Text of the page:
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Carmakers face output cut on parts firm strike

Police launched a probe Monday into an illegal strike by an auto parts manufacturer in Asan, South Chungcheong Province, which is prompting work suspension at plants of the nation’s major carmakers including Hyundai Motor in Ulsan.

The police said they are considering requesting an arrest warrant for the company’s labor union leaders, as well as for key players behind the strike and the illegal occupation of the workplace.
A Hyundai Motor assembly line in Ulsan (Yonhap News)
A Hyundai Motor assembly line in Ulsan (Yonhap News)

The management of Yoosung Enterprise filed a complaint with the prosecution against the labor union on charges of obstructing business, claiming that about 600 union members are blocking non-unionized workers’ entry into the company and its factory.

A police official said it is against the law for union members to block the entry of other workers, although they took this action in response to the company’s shutdown of the factory.

Since May 18, labor and management have negotiated key issues including work hours, but have made little progress.

As the deadlock has been prolonged, there are mounting concerns that the strike will deal a severe blow to the nation’s auto industry, which is enjoying a sales increase in domestic and overseas markets.

Five major automakers, including Hyundai Motor, have faced manufacturing suspension of some of its vehicles in the wake of a labor strike in a leading auto parts producer, industry sources said.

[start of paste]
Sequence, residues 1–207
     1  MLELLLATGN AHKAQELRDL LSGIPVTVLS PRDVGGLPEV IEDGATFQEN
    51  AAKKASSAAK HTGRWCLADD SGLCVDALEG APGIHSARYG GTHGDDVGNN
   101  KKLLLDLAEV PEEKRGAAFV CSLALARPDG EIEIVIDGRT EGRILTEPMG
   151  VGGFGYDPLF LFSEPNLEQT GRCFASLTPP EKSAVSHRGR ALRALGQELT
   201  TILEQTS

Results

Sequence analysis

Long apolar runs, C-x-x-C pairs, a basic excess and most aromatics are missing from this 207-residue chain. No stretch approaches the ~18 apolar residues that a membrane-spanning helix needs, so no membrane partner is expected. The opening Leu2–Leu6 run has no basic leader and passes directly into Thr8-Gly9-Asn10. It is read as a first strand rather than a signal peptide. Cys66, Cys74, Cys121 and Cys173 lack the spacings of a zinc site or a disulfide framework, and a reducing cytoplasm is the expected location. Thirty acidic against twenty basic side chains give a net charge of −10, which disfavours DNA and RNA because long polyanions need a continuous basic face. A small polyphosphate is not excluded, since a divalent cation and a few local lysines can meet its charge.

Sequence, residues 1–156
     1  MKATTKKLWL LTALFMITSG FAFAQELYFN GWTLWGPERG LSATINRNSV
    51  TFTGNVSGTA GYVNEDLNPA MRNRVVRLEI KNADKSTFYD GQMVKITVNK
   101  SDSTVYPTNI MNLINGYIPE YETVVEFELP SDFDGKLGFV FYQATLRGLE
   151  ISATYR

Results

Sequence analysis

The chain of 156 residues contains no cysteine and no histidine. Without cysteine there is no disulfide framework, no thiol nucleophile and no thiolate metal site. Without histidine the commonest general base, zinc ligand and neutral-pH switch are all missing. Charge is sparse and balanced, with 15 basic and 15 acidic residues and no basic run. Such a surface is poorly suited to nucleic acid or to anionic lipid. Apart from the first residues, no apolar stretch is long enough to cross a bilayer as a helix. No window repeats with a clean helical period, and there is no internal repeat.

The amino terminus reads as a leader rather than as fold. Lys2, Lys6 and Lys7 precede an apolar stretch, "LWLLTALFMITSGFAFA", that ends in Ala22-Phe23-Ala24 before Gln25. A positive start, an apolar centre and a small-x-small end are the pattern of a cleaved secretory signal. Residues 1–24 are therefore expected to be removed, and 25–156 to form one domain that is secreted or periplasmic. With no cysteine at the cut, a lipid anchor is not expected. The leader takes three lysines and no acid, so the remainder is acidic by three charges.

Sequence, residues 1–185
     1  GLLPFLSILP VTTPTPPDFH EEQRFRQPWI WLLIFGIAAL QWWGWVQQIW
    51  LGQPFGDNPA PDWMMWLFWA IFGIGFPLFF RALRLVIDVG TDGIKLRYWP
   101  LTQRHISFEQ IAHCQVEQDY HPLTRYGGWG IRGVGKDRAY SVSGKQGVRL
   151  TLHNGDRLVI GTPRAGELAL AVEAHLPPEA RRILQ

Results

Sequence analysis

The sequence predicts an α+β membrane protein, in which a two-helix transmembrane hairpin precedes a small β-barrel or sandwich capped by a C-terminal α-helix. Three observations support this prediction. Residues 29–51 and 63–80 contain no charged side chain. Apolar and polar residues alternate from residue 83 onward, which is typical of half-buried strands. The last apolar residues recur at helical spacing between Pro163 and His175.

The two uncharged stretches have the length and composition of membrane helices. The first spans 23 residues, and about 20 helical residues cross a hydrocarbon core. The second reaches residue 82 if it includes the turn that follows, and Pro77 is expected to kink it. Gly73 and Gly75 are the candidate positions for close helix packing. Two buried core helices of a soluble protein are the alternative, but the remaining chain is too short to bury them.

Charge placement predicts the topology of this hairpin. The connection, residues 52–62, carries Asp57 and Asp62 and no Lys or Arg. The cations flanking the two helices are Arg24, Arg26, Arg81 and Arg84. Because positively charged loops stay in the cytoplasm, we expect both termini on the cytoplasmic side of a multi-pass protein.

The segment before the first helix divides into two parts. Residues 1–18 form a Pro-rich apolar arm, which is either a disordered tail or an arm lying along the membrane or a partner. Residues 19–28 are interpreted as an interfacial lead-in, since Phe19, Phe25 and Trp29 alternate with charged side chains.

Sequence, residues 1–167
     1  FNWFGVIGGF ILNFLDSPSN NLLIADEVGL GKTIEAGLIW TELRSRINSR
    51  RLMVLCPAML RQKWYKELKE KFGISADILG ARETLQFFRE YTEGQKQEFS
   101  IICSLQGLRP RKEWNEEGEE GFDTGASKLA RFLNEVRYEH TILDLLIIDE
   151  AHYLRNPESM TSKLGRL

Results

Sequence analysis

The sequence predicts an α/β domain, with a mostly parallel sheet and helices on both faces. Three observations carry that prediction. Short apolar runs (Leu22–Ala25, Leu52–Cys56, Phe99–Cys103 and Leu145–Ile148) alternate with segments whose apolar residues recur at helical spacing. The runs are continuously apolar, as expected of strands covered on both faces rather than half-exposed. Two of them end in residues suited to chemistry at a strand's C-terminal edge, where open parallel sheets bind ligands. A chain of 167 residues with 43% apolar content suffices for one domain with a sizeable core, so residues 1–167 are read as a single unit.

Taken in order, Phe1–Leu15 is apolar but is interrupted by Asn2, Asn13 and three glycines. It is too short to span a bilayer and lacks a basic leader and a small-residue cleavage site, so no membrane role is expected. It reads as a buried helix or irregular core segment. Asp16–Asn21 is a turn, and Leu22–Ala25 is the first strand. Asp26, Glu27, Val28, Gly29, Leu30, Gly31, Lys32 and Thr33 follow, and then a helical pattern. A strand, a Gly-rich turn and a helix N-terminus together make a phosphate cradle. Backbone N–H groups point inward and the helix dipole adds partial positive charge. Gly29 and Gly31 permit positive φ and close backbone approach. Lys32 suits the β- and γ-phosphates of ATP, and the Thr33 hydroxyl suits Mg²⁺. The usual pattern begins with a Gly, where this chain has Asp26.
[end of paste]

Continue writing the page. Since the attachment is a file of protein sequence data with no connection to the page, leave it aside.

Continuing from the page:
According to the automotives industry, the five carmakers are expected to suffer reductions of about 50,000 units in production this month. Yoosung supplies key engine components to the five automakers.

In particular, Hyundai Motor and Kia Motors are expected to be hard hit by the strike, as they are being offered about 70 percent of engine-related components from the subcontractor.

The number of vehicle units which could be affected by the strike is projected to amount to 80 percent of the total 50,000 units, said staffers of the two affiliated carmakers under the wing of Hyundai Motor Group.

Since last Sunday, Hyundai Motor has faced a sectional suspension of production lines in its Ulsan factory for sport utility vehicles such as Veracruz, Santa Fe and Tucson ix.

The automaker expects that the number of SUV and sedan models hit by the strike will increase. The sedans will likely include popular models like Genesis and Sonata.

Kia Motors also predicts that its production of Carnival and Sportage R will be slashed sharply.

GM Korea, which has sustained its normal production backed by its inventories, is expected to suffer sectional suspension from this weekend.

The carmaker is using 100-percent auto parts provided by Yoosung Enterprise for production of Orlando and Cruz models.

Renault Samsung Motors and Ssangyong Motor could also be negatively affected by the strike.

Yoosung Enterprise is the nation’s leading automobile component producer, headquartered in Asan, South Chungcheong Province.

Its union launched a sit-in protest by occupying its main production plants last week as they failed to find common ground with management on working conditions and salaries.

The subcontractor specializes in producing piston rings, cylinder liners and other key components required for manufacturing car engines.

Of its five plants, the company shut down two, located in Asan and Yeongdong, in response to the labor dispute.

The Korea Employers Federation estimated that the labor strike has already cost Yoosung Enterprise more than 110 billion won ($100 million) in lost output.

By Kim Yon-se (
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Korea Herald daum